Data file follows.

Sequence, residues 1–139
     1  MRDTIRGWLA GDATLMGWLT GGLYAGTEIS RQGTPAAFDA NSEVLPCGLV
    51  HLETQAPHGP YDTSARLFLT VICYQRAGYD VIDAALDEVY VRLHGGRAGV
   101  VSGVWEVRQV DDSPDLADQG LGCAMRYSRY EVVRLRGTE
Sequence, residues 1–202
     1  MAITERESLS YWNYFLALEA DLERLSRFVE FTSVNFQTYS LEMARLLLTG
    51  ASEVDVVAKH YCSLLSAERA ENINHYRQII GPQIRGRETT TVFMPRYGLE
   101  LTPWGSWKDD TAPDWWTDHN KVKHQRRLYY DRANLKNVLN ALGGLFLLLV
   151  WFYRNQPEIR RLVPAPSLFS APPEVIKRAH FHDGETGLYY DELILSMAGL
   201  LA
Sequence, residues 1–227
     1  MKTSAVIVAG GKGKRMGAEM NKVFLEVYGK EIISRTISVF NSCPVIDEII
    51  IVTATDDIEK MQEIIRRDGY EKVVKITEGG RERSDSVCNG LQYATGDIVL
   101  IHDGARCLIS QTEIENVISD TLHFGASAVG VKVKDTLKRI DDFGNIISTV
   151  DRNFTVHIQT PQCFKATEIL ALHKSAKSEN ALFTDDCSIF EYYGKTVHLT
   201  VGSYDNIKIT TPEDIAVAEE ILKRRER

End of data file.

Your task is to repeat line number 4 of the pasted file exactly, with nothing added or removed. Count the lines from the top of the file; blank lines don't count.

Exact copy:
   101  VSGVWEVRQV DDSPDLADQG LGCAMRYSRY EVVRLRGTE